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Turkey's Army loses luster over PKK attack

Amid daily fighting, including an clash Thursday that killed 10, unprecedented public criticism is mounting over an Oct. 3 attack.

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On guard: Turkish soldiers patrol in the southeast, near Iraq, where clashes with Kurdish rebels often occur.

Murad Sezer/AP

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Long seen as the country's most trusted institution and as the ultimate defender of the state, the Turkish military is suddenly facing fire from an unlikely source: the public.

In the wake of an Oct. 3 attack by guerrillas from the outlawed Kurdistan Workers' Party (PKK) on a border outpost, in which 17 Turkish soldiers were killed, the Army has been facing an unprecedented level of criticism, accused of negligence in the death of the soldiers and ineptitude in its ongoing fight against the PKK.

The military's image took a further blow when Turkish newspapers widely circulated a picture of Air Force Commander Gen. Aydogan Babaoglu on vacation playing golf the day after the bloody attack, seemingly oblivious to what had happened.

"Resign, My Pasa," was the front-page headline in the popular Vatan newspaper, using the Ottoman term for military generals. In a country where the military and its exploits are almost worshiped, this kind of open criticism of a general was a first.

This harsh criticism may be an indication of the continuing dilution of the Turkish military's formidable political power and an important step toward strengthening Turkey's struggling democratization process. It may also prod the government toward developing new, civilian-led strategies in dealing with the Kurdish problem.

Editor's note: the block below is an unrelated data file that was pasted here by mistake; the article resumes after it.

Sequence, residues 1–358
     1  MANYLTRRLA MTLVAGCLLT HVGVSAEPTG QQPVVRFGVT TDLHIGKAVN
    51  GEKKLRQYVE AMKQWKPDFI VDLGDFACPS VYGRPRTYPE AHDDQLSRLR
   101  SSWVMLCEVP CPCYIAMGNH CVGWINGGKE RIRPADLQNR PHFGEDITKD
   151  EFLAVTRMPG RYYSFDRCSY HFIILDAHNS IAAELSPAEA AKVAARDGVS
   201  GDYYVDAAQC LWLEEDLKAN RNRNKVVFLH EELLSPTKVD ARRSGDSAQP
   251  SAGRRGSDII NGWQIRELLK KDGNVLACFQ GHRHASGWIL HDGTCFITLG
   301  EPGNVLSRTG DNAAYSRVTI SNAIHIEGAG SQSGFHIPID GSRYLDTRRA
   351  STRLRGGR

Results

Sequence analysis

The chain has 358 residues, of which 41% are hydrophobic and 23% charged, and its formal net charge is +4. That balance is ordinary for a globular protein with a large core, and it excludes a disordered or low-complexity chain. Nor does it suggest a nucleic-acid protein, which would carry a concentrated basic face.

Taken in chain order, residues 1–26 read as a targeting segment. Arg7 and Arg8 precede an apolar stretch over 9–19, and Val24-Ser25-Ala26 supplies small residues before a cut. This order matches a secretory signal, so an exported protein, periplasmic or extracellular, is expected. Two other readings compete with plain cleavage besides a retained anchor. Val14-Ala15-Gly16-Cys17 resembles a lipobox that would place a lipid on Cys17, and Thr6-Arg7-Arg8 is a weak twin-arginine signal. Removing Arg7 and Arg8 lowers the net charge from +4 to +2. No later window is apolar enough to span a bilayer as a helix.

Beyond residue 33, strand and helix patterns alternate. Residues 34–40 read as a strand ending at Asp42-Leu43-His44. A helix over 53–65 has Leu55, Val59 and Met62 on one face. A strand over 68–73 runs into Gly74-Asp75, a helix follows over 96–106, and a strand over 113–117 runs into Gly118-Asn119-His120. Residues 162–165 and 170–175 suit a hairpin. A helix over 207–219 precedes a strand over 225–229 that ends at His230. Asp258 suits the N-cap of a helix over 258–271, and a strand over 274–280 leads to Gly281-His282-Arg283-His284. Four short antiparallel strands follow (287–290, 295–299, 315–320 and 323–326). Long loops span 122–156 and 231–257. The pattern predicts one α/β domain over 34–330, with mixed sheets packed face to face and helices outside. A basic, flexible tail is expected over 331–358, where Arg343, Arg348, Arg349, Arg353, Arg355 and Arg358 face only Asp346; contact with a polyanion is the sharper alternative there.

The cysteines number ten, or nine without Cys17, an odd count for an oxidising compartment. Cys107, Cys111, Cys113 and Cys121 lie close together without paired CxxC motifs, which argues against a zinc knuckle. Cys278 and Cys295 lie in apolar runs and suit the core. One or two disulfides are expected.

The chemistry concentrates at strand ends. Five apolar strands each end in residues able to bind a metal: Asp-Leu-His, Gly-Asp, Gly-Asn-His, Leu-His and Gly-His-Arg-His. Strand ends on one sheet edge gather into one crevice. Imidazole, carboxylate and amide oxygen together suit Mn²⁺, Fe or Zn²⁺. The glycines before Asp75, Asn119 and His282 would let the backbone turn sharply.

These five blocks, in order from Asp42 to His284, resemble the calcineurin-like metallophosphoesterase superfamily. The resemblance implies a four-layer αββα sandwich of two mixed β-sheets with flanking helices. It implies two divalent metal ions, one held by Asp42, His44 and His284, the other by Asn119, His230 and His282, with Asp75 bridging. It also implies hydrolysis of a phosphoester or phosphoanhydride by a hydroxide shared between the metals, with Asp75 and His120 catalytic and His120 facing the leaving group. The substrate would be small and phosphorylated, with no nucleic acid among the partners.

"We can say that we are passing to a new phase in the Turkish civilian-military relationship," says Mehmet Ali Birand, a political analyst with the Kanal D television network. "The press used to be afraid of criticizing the military; it was very careful not to do that. Now it's just the contrary. We've never seen criticism like this before."

"It's a new era," he adds.

The Turkish military certainly appears to be standing on unfamiliar ground. For decades, the Army has been Turkey's dominant political force, seen as the ultimate protector of the country's political stability and of its secular system of government. Since 1960, Turkey's generals have pushed four governments out of office.

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